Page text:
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14 Jul 2009

Costs of War: Chasing Cyberghosts

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Assessing the cyber threat

A series of cyberattacks on US and South Korean government websites brought a flood of media coverage and near-hysterical reactions from some US lawmakers. But how serious were they really? Shaun Waterman writes for ISN Security Watch.

By Shaun Waterman in Washington, DC for ISN

The attacks, first launched on 4 July, Independence Day in the US, targeted just under four dozen websites with what are called distributed denial of service (DDOS) attacks. DDOS attacks are carried out using large numbers of computers that have been infected with a software virus, turning them into bots - short for robots - which the software’s authors can control remotely.

The large networks of such infected computers controlled by hackers are called botnets. Computers in the botnet - typically owned by innocent, unknowing individuals or companies who have not kept their anti-virus protection up to date - bombard their target websites with millions of fake requests for information, over-loading them and causing real visitors to the site to experience long delays in getting to the site, or sometimes shutting them down altogether.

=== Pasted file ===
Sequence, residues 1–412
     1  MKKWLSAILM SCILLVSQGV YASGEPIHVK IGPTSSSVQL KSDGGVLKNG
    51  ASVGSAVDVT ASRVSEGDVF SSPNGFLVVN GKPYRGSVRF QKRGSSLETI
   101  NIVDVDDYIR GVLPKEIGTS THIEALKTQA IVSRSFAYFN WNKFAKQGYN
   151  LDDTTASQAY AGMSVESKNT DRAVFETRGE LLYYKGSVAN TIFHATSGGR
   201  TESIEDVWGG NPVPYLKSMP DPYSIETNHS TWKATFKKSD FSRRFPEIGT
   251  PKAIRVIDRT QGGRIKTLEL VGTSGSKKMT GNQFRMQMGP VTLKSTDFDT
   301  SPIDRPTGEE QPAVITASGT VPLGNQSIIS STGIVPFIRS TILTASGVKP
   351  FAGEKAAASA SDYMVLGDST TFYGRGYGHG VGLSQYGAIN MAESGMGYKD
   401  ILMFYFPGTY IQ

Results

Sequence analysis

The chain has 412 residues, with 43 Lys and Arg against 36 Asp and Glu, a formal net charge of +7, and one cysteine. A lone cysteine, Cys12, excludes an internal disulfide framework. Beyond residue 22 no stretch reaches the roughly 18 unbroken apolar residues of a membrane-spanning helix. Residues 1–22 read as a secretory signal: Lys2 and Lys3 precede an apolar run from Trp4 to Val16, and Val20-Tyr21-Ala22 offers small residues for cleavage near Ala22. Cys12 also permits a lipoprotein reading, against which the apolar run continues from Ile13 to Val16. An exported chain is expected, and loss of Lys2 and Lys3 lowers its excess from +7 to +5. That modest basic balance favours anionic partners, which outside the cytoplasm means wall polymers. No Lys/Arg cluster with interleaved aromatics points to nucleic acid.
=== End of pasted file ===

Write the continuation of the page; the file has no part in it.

Most of the US sites targeted were affected only marginally by the attacks. “Readers may have noticed that our site was a bit slow and occasionally unreachable today,” wrote Brian Krebs of

Some US government sites were down altogether over the holiday weekend and even once the work week began. But these were sites that simply had not done “due diligence security” necessary to survive “standard weather on the internet,” according to cybersecurity analyst John Pescatore.

“The attack itself was very minor,” Marcus Sachs told ISN Security Watch. Sachs is the director of the Internet Storm Center, a volunteer monitoring group run by web security specialists.

An estimate from security firm Arbor Networks put the volume of data associated with the bogus requests launched by the attackers at only 39 megabits (Mb) per second on average, with a maximum volume of about 182 Mb per second. Attacks “below a couple hundred Mb per second are pretty easily filtered,” wrote Arbor Networks’ Jose Nazario.

Sachs said the government agencies least affected were those hosted by commercial internet companies, which distribute so-called 'mirror sites' for the agencies’ web pages across servers scattered around the country and the world.

“We know how to deal with these attacks,” he said. “This is not a technical issue, it’s a leadership issue.”

Agencies that failed to distribute their websites in this way are the equivalent of “a businessman [who] decided to open up franchises housed in igloos in the countries on the equator,” wrote Pescatore.

Sachs said misleading media coverage of the events meant that “this non-event flamed into something [that appears] much bigger than it actually is.”

But he said the media were not solely to blame. When a cybersecurity incident occurs, “There’s nowhere for you guys [in the news media] to go find out what’s really going on.”

He noted that despite the new administration’s commitment to openness and transparency, much reporting about the incident relied on anonymous sources, many of whom appeared ill-informed.